|Publication number||US4658757 A|
|Application number||US 06/797,872|
|Publication date||Apr 21, 1987|
|Filing date||Nov 14, 1985|
|Priority date||Nov 14, 1985|
|Publication number||06797872, 797872, US 4658757 A, US 4658757A, US-A-4658757, US4658757 A, US4658757A|
|Inventors||Harry L. Cook|
|Original Assignee||Ocean Ventures-1|
|Export Citation||BiBTeX, EndNote, RefMan|
|Patent Citations (8), Non-Patent Citations (4), Referenced by (64), Classifications (4), Legal Events (4)|
|External Links: USPTO, USPTO Assignment, Espacenet|
1. Field of the Invention
The present invention relates to an improved method and apparatus for aquaculture and/or mariculture which controls the water temperature and dissolved oxygen content in the water for improved harvest.
2. Description of the Prior Art
The advantages of aquaculture and/or mariculture over natural fishing have long been sufficiently apparent as to merit extensive work in this area. For example, it is clear that if food sources can be raised in controlled ponds, then the dangers of going out into the open sea will obviously be eliminated. Conventional fishing is fraught with dangers including the risk to the sailors, the possible loss of the boat, the difficulty in finding fish, the expenses of modern equipment including electronic detecting devices, marine insurance costs, labor costs, repair costs and the ever present danger of destructive weather and the hazards of marine environment on equipment. While aquaculture and/or mariculture appear to solve many of these problems, they still have not overcome all problems and, in fact, have revealed several of their own inherent problems which are not to be found in natural situations. For example, while an aquaculture and/or mariculture situation is able to control pollution, is free of predators and most destructive weather conditions, it is subject to both the difficulties of water temperature control and controlling the amount of dissolved oxygen in the water, both of which directly affect sustaining and growth of aquatic and/or marine animals.
Considering the water temperature problem first, aquaculture and/or mariculture are commonly practiced in man-made ponds located adjacent natural water supplies. The size, depth and geographic location of the ponds will have definite effects on the water temperature. If, for example, the pond is to be used to raise crustaceans, such as shrimp, then the pond preferably should have a depth of approximately two to four feet (0.61-1.22 meters). However, even at this shallow depth, the bottom layers of water may never reach the temperature of 85° F. (29.4° C.) which is ideal for the maximum rate of growth of shrimp. The primary difficulty lies in the fact that while the water absorbs heat from sunlight during the day, it also radiates heat from its surface during the night.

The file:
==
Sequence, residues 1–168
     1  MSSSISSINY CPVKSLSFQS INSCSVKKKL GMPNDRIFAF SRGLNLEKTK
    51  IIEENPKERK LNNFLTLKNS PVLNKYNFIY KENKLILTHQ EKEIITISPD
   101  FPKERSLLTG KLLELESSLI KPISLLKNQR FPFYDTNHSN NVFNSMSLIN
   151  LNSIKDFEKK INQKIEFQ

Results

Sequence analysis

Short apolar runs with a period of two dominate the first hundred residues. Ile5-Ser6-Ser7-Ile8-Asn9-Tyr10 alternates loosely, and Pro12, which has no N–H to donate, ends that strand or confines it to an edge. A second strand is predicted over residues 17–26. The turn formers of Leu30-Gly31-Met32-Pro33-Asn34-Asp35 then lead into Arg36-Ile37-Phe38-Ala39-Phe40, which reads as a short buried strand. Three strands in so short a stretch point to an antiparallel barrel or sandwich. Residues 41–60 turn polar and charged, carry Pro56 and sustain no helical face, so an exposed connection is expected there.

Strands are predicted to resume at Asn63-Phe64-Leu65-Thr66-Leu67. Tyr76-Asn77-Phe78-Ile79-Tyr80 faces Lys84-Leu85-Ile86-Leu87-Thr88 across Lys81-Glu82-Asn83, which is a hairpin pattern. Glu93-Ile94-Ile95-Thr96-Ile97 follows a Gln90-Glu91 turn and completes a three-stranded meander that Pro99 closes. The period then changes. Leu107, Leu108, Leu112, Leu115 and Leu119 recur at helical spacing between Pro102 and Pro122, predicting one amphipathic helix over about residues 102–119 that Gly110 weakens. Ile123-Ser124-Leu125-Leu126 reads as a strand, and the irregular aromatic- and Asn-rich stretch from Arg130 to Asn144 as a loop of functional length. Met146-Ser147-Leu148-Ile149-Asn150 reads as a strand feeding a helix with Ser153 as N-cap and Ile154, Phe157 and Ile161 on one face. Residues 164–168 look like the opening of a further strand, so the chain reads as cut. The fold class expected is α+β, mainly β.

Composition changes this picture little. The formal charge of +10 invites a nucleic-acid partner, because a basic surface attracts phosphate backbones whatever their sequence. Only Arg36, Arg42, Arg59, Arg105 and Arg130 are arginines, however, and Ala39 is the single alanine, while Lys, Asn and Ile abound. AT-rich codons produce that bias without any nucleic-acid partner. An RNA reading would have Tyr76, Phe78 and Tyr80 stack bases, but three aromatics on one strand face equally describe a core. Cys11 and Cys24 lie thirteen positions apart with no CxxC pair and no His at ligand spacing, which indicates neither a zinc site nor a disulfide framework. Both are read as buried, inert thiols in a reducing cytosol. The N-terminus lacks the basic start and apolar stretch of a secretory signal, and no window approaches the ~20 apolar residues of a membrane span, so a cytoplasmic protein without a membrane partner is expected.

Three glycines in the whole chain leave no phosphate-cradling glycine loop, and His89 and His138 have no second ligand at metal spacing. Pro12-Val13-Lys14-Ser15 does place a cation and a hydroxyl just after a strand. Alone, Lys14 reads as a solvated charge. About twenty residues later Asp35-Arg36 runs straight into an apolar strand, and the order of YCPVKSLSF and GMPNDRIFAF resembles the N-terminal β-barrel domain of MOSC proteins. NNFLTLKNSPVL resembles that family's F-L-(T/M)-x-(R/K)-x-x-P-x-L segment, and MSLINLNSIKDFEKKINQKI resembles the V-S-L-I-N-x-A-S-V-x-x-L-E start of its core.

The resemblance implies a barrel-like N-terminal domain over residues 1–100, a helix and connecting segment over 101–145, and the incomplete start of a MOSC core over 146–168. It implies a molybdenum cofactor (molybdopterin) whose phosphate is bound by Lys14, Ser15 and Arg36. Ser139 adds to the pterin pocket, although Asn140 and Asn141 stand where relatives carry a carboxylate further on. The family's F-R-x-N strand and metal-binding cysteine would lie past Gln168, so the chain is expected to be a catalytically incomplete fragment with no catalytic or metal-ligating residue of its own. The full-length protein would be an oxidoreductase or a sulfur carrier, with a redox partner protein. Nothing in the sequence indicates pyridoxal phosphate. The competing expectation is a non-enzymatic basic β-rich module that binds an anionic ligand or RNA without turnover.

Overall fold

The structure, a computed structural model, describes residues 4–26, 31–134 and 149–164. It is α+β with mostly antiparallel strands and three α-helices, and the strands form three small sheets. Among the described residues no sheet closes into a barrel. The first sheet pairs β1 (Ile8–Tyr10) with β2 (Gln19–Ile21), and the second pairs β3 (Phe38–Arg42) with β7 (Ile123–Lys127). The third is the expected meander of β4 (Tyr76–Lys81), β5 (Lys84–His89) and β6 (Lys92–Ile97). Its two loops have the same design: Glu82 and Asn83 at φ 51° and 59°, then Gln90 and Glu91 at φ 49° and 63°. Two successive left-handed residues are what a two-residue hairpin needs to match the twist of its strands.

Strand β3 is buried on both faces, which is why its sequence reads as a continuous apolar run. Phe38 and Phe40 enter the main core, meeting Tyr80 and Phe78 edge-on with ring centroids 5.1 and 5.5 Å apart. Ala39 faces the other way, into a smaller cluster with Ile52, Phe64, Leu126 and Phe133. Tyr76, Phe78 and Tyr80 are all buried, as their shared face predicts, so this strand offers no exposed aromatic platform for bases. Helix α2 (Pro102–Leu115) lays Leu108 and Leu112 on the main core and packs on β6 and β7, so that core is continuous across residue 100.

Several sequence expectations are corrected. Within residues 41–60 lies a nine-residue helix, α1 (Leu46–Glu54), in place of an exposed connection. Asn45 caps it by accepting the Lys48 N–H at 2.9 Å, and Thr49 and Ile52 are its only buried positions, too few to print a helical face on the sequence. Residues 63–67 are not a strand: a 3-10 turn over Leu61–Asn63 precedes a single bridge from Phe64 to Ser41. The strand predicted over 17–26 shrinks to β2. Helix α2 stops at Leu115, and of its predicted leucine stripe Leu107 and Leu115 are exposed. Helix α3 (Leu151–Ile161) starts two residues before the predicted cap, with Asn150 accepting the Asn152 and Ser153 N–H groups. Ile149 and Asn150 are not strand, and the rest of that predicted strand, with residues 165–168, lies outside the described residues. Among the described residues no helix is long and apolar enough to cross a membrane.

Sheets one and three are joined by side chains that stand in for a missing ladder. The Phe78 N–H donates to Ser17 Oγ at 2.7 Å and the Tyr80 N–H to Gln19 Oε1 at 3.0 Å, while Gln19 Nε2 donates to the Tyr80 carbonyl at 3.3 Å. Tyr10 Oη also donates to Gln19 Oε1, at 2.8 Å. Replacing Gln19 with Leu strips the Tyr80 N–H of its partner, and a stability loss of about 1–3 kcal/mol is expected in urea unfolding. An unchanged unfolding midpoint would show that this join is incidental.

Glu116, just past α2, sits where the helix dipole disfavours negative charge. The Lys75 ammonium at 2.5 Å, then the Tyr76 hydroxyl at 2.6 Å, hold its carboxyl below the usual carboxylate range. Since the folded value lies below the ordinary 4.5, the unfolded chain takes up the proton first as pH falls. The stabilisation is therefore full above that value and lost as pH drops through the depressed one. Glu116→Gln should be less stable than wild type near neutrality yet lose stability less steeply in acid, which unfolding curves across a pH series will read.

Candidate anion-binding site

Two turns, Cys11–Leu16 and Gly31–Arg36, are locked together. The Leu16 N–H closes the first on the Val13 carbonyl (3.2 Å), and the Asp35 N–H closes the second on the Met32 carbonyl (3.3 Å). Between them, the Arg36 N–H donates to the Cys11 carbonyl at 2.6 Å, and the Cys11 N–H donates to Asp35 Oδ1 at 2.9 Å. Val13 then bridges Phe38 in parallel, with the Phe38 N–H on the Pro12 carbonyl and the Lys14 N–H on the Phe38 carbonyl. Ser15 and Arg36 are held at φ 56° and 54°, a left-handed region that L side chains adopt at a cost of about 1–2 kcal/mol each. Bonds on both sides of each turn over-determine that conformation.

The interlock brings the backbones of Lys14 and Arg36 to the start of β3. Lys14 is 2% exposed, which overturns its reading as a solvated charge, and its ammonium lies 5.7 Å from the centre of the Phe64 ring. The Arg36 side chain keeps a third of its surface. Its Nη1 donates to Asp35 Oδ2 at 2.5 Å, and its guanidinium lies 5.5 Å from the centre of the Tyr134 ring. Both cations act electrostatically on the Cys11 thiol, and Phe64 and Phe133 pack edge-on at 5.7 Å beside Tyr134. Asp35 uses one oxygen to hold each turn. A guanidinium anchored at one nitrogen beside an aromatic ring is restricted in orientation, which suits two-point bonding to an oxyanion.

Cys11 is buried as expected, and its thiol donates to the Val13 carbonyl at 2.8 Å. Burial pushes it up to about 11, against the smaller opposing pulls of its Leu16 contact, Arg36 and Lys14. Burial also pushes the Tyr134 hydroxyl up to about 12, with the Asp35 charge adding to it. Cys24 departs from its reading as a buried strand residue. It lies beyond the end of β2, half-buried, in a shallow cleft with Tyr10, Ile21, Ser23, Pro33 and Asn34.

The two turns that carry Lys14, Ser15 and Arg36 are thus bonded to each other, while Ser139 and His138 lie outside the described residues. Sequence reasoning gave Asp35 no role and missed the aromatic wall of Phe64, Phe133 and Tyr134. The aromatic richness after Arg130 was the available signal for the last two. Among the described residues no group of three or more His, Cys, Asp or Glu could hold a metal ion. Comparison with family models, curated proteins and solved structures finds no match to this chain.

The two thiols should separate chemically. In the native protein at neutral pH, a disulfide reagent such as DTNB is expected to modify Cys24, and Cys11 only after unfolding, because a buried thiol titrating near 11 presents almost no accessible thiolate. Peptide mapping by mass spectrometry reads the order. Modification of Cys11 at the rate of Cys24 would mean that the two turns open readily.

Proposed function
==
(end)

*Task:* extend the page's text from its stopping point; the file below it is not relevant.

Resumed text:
The prior attempts at overcoming this problem have included utilizing pool covers which provide a "greenhouse" effect which will absorb extra heat during the day and will slow down radiant heat escaping from the pool surface during the night. One example may be found in U.S. Pat. No. 3,998,186. This approach has worked to a certain extent, but still has the problem of temperature control in that during hot summer months the cover may cause temperatures to rise to an excessive amount and necessitate the use of fans, blowers or the like to circulate air under the cover during daylight hours to prevent the water temperature from rising too high. Other approaches to solving this temperature control problem have included the use of mechanisms to open or close the cover, which mechanisms are either manually or automatically operated in response to air or water temperature sensing devices. While to a certain extent these devices may result in proper water temperature control, they do add significantly to the cost of the operation.
Considering now the problem of dissolved oxygen, and again using shrimp as an example, if the amount of oxygen in the water drops below two parts per million, then shrimp will die. In order to have a desirable amount of growth, the shrimp require at least four parts per million of dissolved oxygen in the water. There are a number of known techniques for getting oxygen into water, such as the use of aerators. However, there are certain problems that are associated with the use of aerators, one being that they require approximately three horsepower per acre to operate, and they are primarily only surface acting in that the dissolved oxygen does not get mixed all the way to the bottom of the pond. This mixing of oxygenated water is particularly important in the aquaculture/mariculture of shrimp since shrimp are bottom dwelling animals and would need oxygen near the bottom of the pond.
At least two other factors must be considered regarding the oxygen content of the water. One is the decomposition of uneaten feed and waste accumulating on the bottom of the pond which uses up the oxygen at the bottom of the pond and causes the bottom of the pond to become foul. This can also cause the generation of harmful natural chemicals, such as hydrogen sulfide and methane, both of which are toxic to shrimp. Another factor is the algae which will be in any pond and which, when exposed to adequate sunlight, become generators of oxygen. However, sunlight does not normally penetrate more than about 24 inches (60 cm) of water so that algae below this level could be oxygen consumers rather than oxygen generators. Circulation of phytoplankton from the bottom to the surface in a continuous circulation thus becomes a desirable objective.